Materials [listed in a table] are not solid wastes when reclaimed (except as provided under 40 CFR261.4(a)(17)).
Id. The new § 261.4(a)(17) gave a so-called "conditional exclusion": if the provision's criteria were met, reclaimed mineral processing secondary materials would not be classified as solid waste. We have trouble making sense of these two provisions. The first provision (§ 261.2(c)(3)) broadly describes what is not a solid waste, unless it complies with the other provision. But the other provision--s 261.4(a)(17)--is an exclusion, and the consequence of not complying with the provision is, of course, loss of exclusion. In other words, read together, the provisions seem to say that something is not a solid waste unless it is not excluded from being a solid waste.Lewis Carroll would be proud. But petitioners make nothing of the point and we shall therefore assume that if secondary material of this sort--derived from mineral processing--does not meet the conditions specified in § 261.4(a)(17), EPA will consider the material "solid waste" potentially subject to full RCRA Subtitle C regulation.
As to the conditions set forth in § 261.4(a)(17), EPA's dividing line between "waste" and nonwaste is the manner of storage. If the mineral processor stores secondary material destined for recycling in tanks, containers, buildings, or on properly maintained pads, the materials are not considered "solid waste." See id. § 261.4(a)(17)(iii), (iv). Given our assumption (and that of the parties), if by-products and sludges exhibiting a characteristic of hazardous waste are not stored in such a manner prior to being recycled, they may be regulated as hazardous "waste."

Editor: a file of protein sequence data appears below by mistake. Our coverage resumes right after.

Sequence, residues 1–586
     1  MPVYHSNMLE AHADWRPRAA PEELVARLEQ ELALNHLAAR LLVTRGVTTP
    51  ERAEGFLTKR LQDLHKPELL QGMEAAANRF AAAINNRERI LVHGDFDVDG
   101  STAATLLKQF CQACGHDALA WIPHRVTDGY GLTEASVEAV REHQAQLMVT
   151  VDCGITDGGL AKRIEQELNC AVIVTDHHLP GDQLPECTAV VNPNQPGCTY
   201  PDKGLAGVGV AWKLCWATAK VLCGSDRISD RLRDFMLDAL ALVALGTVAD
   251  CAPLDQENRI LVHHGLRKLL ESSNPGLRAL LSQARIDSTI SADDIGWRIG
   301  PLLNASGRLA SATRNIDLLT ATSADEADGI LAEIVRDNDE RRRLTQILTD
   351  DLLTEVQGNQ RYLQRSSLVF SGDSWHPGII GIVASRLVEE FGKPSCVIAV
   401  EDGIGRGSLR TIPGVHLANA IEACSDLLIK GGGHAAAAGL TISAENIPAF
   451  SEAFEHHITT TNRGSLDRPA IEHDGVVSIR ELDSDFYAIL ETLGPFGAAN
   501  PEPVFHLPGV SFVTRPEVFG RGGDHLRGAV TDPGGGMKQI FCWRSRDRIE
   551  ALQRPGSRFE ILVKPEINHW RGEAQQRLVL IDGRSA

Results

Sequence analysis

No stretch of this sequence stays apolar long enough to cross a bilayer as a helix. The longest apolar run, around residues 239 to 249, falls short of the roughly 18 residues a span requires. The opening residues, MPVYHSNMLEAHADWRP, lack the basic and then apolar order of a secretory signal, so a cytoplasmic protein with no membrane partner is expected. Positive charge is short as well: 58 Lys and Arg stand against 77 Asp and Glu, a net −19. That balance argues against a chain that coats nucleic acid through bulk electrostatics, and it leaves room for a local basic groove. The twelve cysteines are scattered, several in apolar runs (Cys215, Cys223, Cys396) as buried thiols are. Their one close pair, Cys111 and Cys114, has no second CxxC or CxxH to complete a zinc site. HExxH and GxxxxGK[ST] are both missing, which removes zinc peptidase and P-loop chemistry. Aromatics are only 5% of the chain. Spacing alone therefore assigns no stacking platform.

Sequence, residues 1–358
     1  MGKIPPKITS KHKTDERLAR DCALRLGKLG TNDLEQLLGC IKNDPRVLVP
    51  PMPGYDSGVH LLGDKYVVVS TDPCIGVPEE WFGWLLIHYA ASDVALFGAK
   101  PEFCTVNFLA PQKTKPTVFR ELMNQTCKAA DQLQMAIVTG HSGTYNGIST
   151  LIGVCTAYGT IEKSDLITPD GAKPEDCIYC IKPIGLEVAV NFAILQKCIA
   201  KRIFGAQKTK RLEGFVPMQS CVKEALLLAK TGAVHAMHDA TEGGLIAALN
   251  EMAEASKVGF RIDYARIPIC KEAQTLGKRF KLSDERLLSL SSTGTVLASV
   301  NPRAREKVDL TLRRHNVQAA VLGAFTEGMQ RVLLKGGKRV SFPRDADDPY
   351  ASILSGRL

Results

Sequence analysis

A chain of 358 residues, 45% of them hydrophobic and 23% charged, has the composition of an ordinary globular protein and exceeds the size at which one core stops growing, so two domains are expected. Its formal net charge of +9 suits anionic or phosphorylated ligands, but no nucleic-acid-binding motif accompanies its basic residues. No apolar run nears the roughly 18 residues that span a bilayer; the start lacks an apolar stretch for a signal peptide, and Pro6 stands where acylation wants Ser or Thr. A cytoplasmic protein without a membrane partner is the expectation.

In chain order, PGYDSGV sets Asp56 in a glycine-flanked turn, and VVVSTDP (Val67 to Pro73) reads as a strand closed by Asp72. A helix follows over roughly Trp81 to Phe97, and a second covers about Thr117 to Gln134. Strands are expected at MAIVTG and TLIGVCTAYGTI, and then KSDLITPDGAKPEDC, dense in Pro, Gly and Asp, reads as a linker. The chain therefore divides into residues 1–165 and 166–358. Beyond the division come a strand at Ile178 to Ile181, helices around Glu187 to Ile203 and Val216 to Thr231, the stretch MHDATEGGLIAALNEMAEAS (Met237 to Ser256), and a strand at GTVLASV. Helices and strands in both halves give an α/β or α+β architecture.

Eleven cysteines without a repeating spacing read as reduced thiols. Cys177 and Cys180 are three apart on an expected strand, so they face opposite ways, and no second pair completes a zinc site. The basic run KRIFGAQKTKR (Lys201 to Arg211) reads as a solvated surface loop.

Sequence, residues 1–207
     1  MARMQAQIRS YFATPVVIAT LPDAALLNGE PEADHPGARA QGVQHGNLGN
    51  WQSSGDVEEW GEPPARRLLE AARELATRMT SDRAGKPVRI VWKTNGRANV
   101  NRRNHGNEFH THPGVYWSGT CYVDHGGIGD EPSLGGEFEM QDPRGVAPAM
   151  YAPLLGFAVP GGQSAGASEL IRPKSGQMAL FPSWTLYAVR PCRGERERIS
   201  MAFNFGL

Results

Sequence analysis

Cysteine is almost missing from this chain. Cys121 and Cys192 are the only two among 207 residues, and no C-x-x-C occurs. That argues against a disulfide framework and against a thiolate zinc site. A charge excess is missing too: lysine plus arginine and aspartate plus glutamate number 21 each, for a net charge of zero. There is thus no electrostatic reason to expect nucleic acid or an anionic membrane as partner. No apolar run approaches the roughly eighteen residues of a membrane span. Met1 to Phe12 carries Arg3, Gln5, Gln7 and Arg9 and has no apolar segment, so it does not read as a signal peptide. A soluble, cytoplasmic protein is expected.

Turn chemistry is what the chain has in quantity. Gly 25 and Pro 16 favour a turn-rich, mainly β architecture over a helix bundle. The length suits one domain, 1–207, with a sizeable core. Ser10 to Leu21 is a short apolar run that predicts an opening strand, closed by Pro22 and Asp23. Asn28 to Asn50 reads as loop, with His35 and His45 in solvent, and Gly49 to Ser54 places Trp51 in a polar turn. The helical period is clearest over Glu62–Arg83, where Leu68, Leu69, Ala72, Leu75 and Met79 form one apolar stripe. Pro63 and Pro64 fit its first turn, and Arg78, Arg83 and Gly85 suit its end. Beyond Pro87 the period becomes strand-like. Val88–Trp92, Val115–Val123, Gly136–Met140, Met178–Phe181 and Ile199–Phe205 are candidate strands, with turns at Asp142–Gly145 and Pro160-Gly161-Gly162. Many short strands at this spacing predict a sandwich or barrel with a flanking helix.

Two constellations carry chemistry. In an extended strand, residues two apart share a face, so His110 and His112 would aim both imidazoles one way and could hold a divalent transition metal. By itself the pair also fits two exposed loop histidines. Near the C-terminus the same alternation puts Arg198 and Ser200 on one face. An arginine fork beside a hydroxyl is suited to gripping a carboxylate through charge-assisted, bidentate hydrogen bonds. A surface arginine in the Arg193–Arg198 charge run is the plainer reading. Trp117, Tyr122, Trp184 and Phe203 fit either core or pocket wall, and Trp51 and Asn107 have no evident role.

How long the materials are stored is of no consequence according to the regulation. See Fed. Reg. 28,556, 28,582-83 (1998). They could be placed on the ground for only a few minutes before being put back into the production process, yet they would still be subject to RCRA if not stored in accord with § 261.4(a)(17). Petitioners say this rule extends EPA's authority far beyond the statute. They ask how secondary material held for recycling in production could possibly qualify as "waste" when the statute defines "waste" as "discarded materials"? 42 U.S.C. § 6903(27).
The question is not a new one. It was asked and answered in American Mining Congress v. EPA, 824 F.2d 1177 (D.C. Cir. 1987) ("AMC I"). The court began by referring to the "ordinary, plain-English meaning" of "discarded"--" 'disposed of,' 'thrown away,' or 'abandoned.' " Id. at 1184. Secondary materials destined for recycling are obviously not of that sort.Rather than throwing these materials away, the producer saves them; rather than abandoning them, the producer reuses them. After examining the structure and history of RCRA, see id. at 1184-92, the AMC I court concluded:"Congress clearly and unambiguously expressed its intent that 'solid waste' (and therefore EPA's regulatory authority) be limited to materials that are 'discarded' by virtue of being disposed of, abandoned, or thrown away." Id. at 1190. The court therefore
set aside an EPA rule regulating secondary "materials reused within an ongoing industrial process," id. at 1182, because the materials were "neither disposed of nor abandoned," id. at 1193.
The holding in AMC I thus appears to answer the...
To continue readingFREE SIGN UP